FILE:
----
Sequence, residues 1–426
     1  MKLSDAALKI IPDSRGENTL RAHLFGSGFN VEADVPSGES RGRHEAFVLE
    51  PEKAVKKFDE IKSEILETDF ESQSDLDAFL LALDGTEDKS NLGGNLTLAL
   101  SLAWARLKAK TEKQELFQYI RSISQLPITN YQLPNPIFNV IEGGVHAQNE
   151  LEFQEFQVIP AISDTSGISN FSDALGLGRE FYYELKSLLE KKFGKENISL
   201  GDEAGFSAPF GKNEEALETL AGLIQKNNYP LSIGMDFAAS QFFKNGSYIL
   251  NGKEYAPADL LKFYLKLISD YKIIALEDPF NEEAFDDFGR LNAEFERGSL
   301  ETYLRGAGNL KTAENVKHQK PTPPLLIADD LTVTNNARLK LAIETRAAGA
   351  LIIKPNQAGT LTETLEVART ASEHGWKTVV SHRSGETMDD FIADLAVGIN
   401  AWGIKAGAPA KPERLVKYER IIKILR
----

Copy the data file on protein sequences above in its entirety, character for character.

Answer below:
Sequence, residues 1–426
     1  MKLSDAALKI IPDSRGENTL RAHLFGSGFN VEADVPSGES RGRHEAFVLE
    51  PEKAVKKFDE IKSEILETDF ESQSDLDAFL LALDGTEDKS NLGGNLTLAL
   101  SLAWARLKAK TEKQELFQYI RSISQLPITN YQLPNPIFNV IEGGVHAQNE
   151  LEFQEFQVIP AISDTSGISN FSDALGLGRE FYYELKSLLE KKFGKENISL
   201  GDEAGFSAPF GKNEEALETL AGLIQKNNYP LSIGMDFAAS QFFKNGSYIL
   251  NGKEYAPADL LKFYLKLISD YKIIALEDPF NEEAFDDFGR LNAEFERGSL
   301  ETYLRGAGNL KTAENVKHQK PTPPLLIADD LTVTNNARLK LAIETRAAGA
   351  LIIKPNQAGT LTETLEVART ASEHGWKTVV SHRSGETMDD FIADLAVGIN
   401  AWGIKAGAPA KPERLVKYER IIKILR